What challenges and opportunities are you experiencing?

“We see multiple opportunities. We will showcase our own EcoStruxure solutions and technologies (inverters, transformers, medium voltage cells, software and connected objects), to enable solar panels and other energy generation sources, and manage power distribution and create micro-grids wherever relevant. We will allow our customers and business partners visiting our sites to see and believe that energy efficient and low-CO2 buildings are now fully possible and financially viable.

“Other opportunities are, in various projects, short-term cost savings when renewable electricity becomes cheaper than when procured via the grid. With longer term contracts, we ensure higher predictability of future electricity costs as well. This being said, we need to recognize this initiative comes with long-term contractual commitments (on electricity procurement), and the sublease of our roofs and premises to third-party project developers, and it is fair to recognize that it reduces the agility of our energy supply decisions.”

Why do you think it is important for companies to help increase demand for renewable energy?

“Firstly, businesses need to appreciate that they represent half of the world’s electricity consumption – collectively they can make a real difference through their own purchasing power. Also, in the last year, we witnessed a strong acceleration of the readiness of technology, as well as its affordability, and the “offer” side has gone up significantly.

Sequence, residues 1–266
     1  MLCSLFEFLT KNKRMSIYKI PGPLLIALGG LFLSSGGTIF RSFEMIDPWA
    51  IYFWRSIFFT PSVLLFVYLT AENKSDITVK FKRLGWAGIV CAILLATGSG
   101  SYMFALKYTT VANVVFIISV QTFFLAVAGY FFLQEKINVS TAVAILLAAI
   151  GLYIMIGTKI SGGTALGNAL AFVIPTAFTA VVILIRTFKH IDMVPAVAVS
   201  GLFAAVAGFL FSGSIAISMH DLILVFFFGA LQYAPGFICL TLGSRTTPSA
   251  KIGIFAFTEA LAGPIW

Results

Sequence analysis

“We also have a collective responsibility: current extrapolations of the world economy’s CO2 trajectory is more in the plus three to four degrees Celsius range, and a lot needs to be done, fast, to improve on this. Such a renewable energy transformation is a key step in this direction.”

Why do you think RE100 is a good initiative to join?

“Firstly, Schneider Electric values peer-to-peer learning opportunities, and we believe such a topic deserves open collaboration, emulation, sharing. In addition, we trust The Climate Group’s ability, together with their partners CDP on RE100, to bring together key stakeholders from business, governments, and civil society, to help trigger rapid changes towards a better climate.

“We also strongly believe that fast adoption of renewable electricity will absolutely depend upon countries’ tax and subsidies strategies, and we see the positive value in national policies and favourable schemes. RE100 is a perfect platform for committed organisations to share their practices, and have a stronger voice in the overall decarbonization of our global economy.”

What else are you doing to drive a net-zero emissions economy?

“Overall we believe that halving global CO2 emissions by 2050 is possible, before moving towards a net-zero, and then carbon-negative, world by the end of the century. This being said, this will require massive transformations, from consumption practices to production patterns, from technology adoption to public policies, and no time can be lost.

“On our side, our 2030 carbon neutrality goal, for our extended supply chain, will be met through sustained aggressive eco-design, strong circular economy innovations, renewable electricity adoption, sustained growth of services revenues, sustained innovation on energy efficiency technologies, and, maybe most importantly, the conservation of resources by each and every one of us.”